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Drum solos, as they were called back in the day, were programmed as part of the show. Usually the percussion would do their thing, the colorguard would do their most amazing routines, and the hornline framed things. Two who were amazing at this were 27th Lancers and Phantom Regiment, particularly in 1979 and 1980. Audiences loved it because it was pure mastery. Today we do not see this as we did back in the day, but the percussion section is more integrated in the design as opposed to what was sometimes called "the elevator style" of marching (drum line in one formation in the middle basically going up and down the 50 yard line). You still see the mastery and the bravado though I will admit I can do without the facial expressions and overkill of bravado we sometimes see, but that's just me. Also in our digital age close ups are easier and zoom lenses have come down in price and film is no longer used, which makes photography at shows easier, so maybe the facial expressions have been there for years but we never got the close ups. However, if there was a recent show with a drumline that I wanted to jump out of my seat and cheer it would be 2013 Cadets. I believe they won the percussion caption that year and design, talent, and style were spot on.

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2 hours ago, Tim K said:

Drum solos, as they were called back in the day, were programmed as part of the show. Usually the percussion would do their thing, the colorguard would do their most amazing routines, and the hornline framed things. Two who were amazing at this were 27th Lancers and Phantom Regiment, particularly in 1979 and 1980. Audiences loved it because it was pure mastery. Today we do not see this as we did back in the day, but the percussion section is more integrated in the design as opposed to what was sometimes called "the elevator style" of marching (drum line in one formation in the middle basically going up and down the 50 yard line). You still see the mastery and the bravado though I will admit I can do without the facial expressions and overkill of bravado we sometimes see, but that's just me. Also in our digital age close ups are easier and zoom lenses have come down in price and film is no longer used, which makes photography at shows easier, so maybe the facial expressions have been there for years but we never got the close ups. However, if there was a recent show with a drumline that I wanted to jump out of my seat and cheer it would be 2013 Cadets. I believe they won the percussion caption that year and design, talent, and style were spot on.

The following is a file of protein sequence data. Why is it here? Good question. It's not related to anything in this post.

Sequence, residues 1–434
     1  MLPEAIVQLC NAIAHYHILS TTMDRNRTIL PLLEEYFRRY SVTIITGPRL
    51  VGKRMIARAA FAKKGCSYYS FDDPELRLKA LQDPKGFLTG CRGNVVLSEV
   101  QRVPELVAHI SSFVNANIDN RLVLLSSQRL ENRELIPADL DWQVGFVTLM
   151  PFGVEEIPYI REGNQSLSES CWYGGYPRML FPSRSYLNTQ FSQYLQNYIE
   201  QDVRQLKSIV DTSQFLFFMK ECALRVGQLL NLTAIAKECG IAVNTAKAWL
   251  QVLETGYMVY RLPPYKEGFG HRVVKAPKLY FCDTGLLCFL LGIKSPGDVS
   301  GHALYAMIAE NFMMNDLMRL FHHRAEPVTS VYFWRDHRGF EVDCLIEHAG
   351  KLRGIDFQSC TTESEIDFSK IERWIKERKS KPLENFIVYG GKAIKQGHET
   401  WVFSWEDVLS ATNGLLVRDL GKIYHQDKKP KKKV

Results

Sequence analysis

You beat me to it. I too was going to reference that back in the day when there were dedicated drum features, it was a common occurrence, but that was also because the most complex visuals of the show occurred at the same time. Thanks for the 27th '79 shout out!

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36 minutes ago, Jurassic Lancer said: